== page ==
# CU-Boulder ASEN 3200 - Geodetic and Geocentric Latitude (3 pages)

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## Geodetic and Geocentric Latitude

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## Geodetic and Geocentric Latitude

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Pages:
3
School:
University of Colorado at Boulder
Course:
Asen 3200 - Orbital Mechanics/Attitude Dynamics and Control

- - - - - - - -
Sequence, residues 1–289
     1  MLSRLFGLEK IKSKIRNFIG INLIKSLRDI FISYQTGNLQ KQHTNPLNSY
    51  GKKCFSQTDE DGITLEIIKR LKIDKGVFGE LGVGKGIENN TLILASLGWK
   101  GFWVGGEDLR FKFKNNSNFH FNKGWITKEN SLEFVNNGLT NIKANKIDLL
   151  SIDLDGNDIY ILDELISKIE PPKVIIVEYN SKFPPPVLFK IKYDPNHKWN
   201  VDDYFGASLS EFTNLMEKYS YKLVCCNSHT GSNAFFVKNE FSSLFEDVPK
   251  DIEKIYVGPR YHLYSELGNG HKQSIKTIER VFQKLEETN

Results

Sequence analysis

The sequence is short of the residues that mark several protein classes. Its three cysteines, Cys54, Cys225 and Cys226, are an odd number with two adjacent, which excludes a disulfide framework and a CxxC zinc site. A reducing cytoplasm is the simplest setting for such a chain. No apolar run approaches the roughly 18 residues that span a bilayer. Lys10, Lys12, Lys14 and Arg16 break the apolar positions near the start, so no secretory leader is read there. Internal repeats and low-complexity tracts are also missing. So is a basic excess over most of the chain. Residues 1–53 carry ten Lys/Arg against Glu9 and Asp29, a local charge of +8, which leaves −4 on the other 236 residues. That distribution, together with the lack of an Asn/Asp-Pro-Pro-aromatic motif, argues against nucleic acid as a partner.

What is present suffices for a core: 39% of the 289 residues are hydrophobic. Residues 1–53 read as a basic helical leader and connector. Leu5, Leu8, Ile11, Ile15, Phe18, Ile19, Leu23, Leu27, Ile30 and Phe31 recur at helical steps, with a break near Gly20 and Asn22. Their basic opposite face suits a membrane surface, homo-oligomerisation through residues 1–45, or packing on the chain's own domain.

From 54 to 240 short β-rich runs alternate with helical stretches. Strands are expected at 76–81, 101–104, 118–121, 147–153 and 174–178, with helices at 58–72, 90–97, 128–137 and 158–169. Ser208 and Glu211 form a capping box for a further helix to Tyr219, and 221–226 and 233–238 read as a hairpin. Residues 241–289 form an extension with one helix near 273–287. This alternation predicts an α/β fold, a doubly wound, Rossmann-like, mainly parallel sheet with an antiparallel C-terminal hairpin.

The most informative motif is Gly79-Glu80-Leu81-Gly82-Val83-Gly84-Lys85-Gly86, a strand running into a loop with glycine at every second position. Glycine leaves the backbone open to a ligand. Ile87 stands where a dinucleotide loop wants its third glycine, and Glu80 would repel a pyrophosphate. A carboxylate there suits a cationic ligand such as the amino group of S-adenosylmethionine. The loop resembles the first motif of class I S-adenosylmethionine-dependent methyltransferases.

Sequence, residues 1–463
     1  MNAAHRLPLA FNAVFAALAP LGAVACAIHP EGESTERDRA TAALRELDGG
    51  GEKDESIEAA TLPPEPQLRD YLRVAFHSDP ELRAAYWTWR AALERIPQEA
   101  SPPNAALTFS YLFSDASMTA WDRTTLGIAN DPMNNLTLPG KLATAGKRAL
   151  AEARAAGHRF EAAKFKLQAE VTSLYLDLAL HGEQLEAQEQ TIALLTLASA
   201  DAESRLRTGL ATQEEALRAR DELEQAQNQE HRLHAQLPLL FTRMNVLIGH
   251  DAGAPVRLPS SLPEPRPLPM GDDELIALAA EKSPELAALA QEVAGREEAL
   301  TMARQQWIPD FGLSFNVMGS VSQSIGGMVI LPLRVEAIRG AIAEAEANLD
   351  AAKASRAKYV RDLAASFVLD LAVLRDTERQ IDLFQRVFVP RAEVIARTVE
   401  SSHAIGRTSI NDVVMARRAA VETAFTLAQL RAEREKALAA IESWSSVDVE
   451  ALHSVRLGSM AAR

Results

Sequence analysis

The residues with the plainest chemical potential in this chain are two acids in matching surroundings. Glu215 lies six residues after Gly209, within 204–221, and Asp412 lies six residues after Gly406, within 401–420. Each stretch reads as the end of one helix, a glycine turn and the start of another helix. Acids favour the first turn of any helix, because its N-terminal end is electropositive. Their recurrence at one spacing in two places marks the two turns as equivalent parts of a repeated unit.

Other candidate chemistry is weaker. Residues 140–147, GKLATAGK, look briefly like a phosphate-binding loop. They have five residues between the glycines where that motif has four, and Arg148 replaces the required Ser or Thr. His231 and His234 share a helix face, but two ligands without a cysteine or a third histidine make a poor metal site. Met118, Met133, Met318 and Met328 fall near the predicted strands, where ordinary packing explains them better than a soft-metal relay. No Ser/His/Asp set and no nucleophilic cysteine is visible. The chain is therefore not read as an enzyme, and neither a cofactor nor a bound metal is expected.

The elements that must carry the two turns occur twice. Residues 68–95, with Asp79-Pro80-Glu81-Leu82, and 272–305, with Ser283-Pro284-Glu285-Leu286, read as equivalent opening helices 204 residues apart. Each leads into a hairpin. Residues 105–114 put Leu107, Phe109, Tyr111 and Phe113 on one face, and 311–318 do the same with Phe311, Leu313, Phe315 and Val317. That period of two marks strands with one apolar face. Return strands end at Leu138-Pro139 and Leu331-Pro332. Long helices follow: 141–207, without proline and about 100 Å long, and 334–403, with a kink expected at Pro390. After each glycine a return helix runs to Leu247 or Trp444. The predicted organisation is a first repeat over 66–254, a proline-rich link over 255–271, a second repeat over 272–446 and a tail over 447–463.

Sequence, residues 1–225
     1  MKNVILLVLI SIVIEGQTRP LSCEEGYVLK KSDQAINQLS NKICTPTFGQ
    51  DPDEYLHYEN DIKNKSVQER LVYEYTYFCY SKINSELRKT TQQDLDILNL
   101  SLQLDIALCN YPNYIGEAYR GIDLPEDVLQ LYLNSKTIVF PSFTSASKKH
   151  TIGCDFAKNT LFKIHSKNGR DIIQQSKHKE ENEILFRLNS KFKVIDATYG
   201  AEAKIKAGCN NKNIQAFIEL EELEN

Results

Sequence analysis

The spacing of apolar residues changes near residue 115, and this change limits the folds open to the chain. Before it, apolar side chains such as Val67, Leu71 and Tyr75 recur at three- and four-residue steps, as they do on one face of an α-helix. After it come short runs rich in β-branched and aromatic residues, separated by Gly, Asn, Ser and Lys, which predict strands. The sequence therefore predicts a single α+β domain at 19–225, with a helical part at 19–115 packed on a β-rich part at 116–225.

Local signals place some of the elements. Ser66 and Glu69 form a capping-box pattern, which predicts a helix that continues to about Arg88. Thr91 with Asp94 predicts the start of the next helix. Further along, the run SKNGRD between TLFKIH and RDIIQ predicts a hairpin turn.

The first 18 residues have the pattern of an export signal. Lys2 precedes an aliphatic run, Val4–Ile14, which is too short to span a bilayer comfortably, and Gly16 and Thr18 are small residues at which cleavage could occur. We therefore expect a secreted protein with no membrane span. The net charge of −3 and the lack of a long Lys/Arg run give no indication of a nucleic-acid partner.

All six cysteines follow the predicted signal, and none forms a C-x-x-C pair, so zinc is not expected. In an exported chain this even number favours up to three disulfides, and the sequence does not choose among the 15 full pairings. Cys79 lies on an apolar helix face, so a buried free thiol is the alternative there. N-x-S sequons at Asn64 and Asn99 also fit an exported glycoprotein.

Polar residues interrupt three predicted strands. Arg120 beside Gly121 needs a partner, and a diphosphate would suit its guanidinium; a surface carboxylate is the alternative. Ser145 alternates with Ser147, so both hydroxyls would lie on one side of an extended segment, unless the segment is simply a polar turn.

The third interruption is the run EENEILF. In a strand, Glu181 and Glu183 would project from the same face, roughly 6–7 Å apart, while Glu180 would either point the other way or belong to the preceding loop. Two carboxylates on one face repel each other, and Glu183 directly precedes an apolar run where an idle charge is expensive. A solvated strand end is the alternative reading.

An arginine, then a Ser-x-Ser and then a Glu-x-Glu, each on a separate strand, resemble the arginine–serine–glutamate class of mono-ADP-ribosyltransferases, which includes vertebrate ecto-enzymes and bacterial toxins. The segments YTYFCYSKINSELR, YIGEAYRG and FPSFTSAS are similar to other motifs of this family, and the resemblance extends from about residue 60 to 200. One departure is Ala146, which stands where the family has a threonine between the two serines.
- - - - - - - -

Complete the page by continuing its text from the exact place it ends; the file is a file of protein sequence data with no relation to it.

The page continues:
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2 6 2001 Geodetic and Geocentric Latitude ASEN 3200 George H Born z North Observer Circumscribing Circle r b y Equator x a Cross section of ellipse Figure 1 R e Reference Ellipsoid representing the Earth Geocentric Latitude The acute angle measured perpendicular to the equatorial plane and a line joining the center of the earth and a point on the surface of the reference ellipsoid 2 2 Geodetic Latitude The acute angle between the equator and a line drawn perpendicular to the tangent of the reference ellipsoid Map coordinates are given as longitude and geodetic latitude Reduced Latitude See figure 1 for definition 1 Reference P R Escobal Method of Orbit Determination John Wiley Sons NY 1965 Page 24 29 and 135 136 Useful Equations sin cos 1 e 2 sin z r 1 e 2 sin 2 sin cos x cos 1 e 2 sin 2 r sin 1 e 2 cos 2 1 e 2 cos 1 e 2 cos 2 In terms of geocentric latitude we have x z R 1 e 2 cos 1 e cos 2 2 r x2 z2 R 1 f sin 2 R 1 e 2 sin 1 e 2 cos 2 Where e is the eccentricity and f is the flattening of the ellipsoid For the World Geodetic Survey WGS 84 f a b a 2 e2 2 f f f 1 0 298 25722 e 0 0818191 In terms of geodetic latitude we have sin 2 1 e 2 sin 2 1 e 2 cos 2 cos 2 1 e 2 cos 2 1 e 2 cos 2 x R cos 1 e 2 sin 2 z R 1 e 2 sin 1 e 2 sin 2 r x2 z2 Note that if we wish to find x and z for a tracking station located at height H above the reference ellipsoid we must add H cos to x and H sin to z see Eqn 2 8 7 in Bate Mueller and White 2 The relation between and is given by tan tan 1 f 2 3

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